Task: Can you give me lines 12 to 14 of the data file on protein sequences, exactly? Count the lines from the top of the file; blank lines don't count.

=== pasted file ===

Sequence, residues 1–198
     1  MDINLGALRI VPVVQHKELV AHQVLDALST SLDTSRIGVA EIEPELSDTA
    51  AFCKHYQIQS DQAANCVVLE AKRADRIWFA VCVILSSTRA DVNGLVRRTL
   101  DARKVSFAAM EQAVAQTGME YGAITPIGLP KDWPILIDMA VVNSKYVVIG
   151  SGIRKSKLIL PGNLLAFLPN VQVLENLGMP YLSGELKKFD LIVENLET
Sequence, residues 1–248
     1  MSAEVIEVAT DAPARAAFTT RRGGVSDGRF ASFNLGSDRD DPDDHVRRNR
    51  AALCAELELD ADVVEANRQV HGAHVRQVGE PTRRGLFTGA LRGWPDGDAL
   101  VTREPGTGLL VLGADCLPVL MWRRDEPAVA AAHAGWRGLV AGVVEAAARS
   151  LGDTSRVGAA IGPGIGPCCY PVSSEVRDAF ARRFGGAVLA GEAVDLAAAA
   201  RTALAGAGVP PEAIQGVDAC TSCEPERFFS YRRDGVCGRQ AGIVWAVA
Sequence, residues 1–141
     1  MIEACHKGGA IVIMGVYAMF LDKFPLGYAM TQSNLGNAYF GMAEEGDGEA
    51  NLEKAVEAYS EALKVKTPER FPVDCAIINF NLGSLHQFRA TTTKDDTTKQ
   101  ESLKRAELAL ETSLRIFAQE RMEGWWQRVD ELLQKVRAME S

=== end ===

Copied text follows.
Sequence, residues 1–141
     1  MIEACHKGGA IVIMGVYAMF LDKFPLGYAM TQSNLGNAYF GMAEEGDGEA
    51  NLEKAVEAYS EALKVKTPER FPVDCAIINF NLGSLHQFRA TTTKDDTTKQ